Jim Roddey

From Wikipedia, the free encyclopedia
Jump to: navigation, search
Jim Roddey
Allegheny County Chief Executive
In office
January 3, 2000[1] – January 2, 2004
Preceded by Office Created
Succeeded by Dan Onorato
Chairperson of the
Allegheny County Republican Party
Incumbent
Assumed office
December 14, 2005
Preceded by Bob Glancy
Personal details
Born 1935
Asheville, North Carolina
Political party Republican
Residence Pittsburgh, Pennsylvania
Alma mater Texas Christian University

James C. "Jim" Roddey (born 1935) is a Pennsylvania businessman and politician best known as the former (and first) Chief Executive of Allegheny County, Pennsylvania, from 2000 to 2004. He is a Republican and currently serves as the chair of the Republican Committee of Allegheny County.

Early life and career[edit]

Roddey is originally from Asheville, North Carolina. He graduated from Texas Christian University in Fort Worth, Texas with a degree in Speech. He is a former United States Marine Corp captain, and moved to Pittsburgh in 1979.[2]

Professional career[edit]

Roddey served on the boards Turner Communication Corp, Rollins Communication Corp, and others. He is the Emeritus Trustee of the University of Pittsburgh and has received three honorary doctorates from various institutions. He was appointed the Port Authority of Allegheny County, of which he became Chairman, the Pittsburgh Water Authority, and the Allegheny County Sanitary Authority, of which he also because Chairman. In 2010, Politics Magazine named him one of the most influential Republicans in Pennsylvania.[3]

Roddey once was the head of the company Wexford Health Sources.[4]

County Executive[edit]

Prior to 2000, Allegheny County was governed by a group of three commissioners. In 1998, Roddey was appointed by the commissioners to manage a successful campaign (also initiated by the county commissioners) to replace that system (via a referendum) to a new system composed of a single Chief Executive and a 15-member County Council.

Roddey argued along with the commissioners that this would more evenly distribute representation as the previous system tended to have commissioners predominantly from Pittsburgh, rather than other towns and communities in the county. (Pittsburgh is the county seat and by far the largest population center in the county, but still with only 26% of the county population in the city-proper.)

In 1999, the first election was held for the new Chief Executive and County Council. Roddey won his race against Democrat (and "celebrity" coroner) Cyril Wecht, although Democrats won the majority of the seats on the new Council. This led to friction during his term in office.

During his term, Roddey implemented a property reassessment begun by the former commissioners to reverse the county's financial situation. This increased the value of many homes in the county by 5%-- a legal maximum. This increase in tax revenue was not popular, but it did succeed in creating new operating revenue.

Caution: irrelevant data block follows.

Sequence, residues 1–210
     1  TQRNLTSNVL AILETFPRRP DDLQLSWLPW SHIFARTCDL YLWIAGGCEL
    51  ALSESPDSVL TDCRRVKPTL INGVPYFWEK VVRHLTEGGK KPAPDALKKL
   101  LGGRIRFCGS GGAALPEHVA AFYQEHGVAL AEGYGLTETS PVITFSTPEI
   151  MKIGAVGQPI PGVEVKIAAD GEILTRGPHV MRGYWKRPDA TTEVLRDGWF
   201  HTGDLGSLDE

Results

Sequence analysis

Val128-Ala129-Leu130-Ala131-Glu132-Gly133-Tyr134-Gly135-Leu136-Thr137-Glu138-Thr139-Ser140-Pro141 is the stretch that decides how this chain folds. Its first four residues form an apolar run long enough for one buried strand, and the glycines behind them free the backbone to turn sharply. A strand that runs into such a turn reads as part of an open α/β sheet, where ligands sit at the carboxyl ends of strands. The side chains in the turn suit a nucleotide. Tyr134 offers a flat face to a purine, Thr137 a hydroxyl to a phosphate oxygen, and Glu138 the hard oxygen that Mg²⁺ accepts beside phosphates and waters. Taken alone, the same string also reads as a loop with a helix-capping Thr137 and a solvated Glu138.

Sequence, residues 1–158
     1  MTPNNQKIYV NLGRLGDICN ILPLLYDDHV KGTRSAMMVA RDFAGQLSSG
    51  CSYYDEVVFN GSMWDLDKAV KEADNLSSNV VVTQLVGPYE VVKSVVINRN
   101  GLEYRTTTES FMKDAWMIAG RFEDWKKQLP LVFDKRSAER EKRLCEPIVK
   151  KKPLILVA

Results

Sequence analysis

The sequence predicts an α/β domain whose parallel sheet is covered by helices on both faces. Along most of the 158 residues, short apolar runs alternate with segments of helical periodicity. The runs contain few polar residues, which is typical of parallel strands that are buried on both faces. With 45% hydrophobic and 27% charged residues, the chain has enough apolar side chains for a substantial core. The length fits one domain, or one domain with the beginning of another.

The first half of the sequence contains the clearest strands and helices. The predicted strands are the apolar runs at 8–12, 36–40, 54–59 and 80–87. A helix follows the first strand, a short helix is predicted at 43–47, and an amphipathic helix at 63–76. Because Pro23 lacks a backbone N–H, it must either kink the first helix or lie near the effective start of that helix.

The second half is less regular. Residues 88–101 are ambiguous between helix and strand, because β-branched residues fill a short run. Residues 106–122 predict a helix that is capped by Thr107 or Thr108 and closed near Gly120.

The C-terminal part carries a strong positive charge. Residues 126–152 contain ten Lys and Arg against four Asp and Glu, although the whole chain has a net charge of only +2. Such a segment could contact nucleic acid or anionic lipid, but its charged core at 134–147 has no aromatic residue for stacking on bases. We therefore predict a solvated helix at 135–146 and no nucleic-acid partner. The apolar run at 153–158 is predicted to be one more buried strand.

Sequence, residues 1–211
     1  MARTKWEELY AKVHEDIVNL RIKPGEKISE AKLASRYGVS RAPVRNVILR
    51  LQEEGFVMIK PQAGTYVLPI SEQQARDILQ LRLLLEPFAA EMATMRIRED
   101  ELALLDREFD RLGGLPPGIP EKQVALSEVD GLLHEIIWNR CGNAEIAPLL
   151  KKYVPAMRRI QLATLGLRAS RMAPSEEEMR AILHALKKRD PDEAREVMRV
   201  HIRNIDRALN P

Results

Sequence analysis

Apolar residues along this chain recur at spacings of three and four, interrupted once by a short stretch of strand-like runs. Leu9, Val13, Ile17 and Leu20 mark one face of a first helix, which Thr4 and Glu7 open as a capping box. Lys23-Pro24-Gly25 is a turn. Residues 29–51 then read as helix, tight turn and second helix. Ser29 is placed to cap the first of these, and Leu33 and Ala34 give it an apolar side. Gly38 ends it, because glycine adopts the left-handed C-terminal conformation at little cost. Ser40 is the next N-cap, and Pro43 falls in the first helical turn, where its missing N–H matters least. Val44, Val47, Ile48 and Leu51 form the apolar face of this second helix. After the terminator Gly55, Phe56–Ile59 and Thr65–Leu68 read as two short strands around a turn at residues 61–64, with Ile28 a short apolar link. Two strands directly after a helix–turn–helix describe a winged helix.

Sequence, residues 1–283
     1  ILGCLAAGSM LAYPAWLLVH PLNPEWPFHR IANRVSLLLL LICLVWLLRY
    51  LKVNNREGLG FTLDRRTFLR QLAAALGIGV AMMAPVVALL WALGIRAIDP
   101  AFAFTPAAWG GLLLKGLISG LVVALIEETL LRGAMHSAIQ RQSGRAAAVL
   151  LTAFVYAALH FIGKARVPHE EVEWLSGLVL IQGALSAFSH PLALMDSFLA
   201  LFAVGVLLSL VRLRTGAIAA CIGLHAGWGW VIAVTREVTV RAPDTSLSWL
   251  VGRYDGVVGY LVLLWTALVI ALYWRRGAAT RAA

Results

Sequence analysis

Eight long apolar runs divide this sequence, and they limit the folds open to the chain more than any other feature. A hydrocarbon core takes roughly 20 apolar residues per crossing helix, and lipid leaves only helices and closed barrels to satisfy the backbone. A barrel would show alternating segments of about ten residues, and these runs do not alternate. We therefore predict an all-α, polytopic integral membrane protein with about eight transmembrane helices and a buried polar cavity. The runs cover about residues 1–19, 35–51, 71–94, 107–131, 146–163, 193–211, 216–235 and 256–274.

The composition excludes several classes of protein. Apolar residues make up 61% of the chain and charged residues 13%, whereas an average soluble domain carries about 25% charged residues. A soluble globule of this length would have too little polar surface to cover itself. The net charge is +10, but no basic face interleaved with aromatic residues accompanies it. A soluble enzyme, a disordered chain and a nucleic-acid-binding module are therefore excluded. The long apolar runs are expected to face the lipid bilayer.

Defeat and subsequent political activity[edit]

In 2003, Roddey ran for reelection but lost to Dan Onorato. In interviews, he credits the re-assessments as leading to his decline in popularity. Following his time as Chief Executive, he became an appointed member of Pittsburgh's fiscal oversight board (Pittsburgh Intergovernmental Cooperation Authority), but resigned in February 2005. He was elected chair of the Allegheny County Republican Party in 2005. He drew plaudits for a relatively diminished showing for incumbent Democrat Luke Ravenstahl in the 2007 and 2009 Pittsburgh mayoral elections[5] and Tom Corbett's victory in Allegheny County in the 2010 gubernatorial election, but was criticised for a 2012 speech in which he claimed to have jokingly attempted to yield a handicapped parking space to a man because he, "...saw that Obama sticker and thought [he was] mentally retarded.”[6]

References[edit]

  1. ^ "Roddey takes over as Allegheny County executive". The Gettysbirg Times. January 4, 2000. Retrieved December 31, 2011. 
  2. ^ http://news.google.com/newspapers?id=POQcAAAAIBAJ&sjid=FmMEAAAAIBAJ&pg=2034%2C5480957
  3. ^ Roarty, Alex; Sean Coit (January 2010). "Pennsylvania Influencers". Politics Magazine. pp. 44–49. Archived from the original on 2010-02-07. 
  4. ^ Twedt, Steve. "Wexford Health works with inmates." Pittsburgh Post-Gazette. Sunday April 12, 2009. Retrieved on August 14, 2010.
  5. ^ O'Toole, James (March 16, 2012). "GOP had a good day in Pennsylvania". The Pittsburgh Post-Gazette. Retrieved August 11, 2012. 
  6. ^ Kiesel, Meghan. "Republican Jokes Obama Supporters ‘Mentally Retarded’". Politics Blog. ABC News. Retrieved August 11, 2012. 

External links[edit]

Political offices
Preceded by
Bob Cranmer
Mike Dawida
Larry Dunn
County Commissioners
Chief Executive of Allegheny County
2000–2004
Succeeded by
Dan Onorato
Party political offices
Preceded by
Bob Glancy
Chairperson of the Allegheny County Republican Party
2005–present
Succeeded by
Incumbent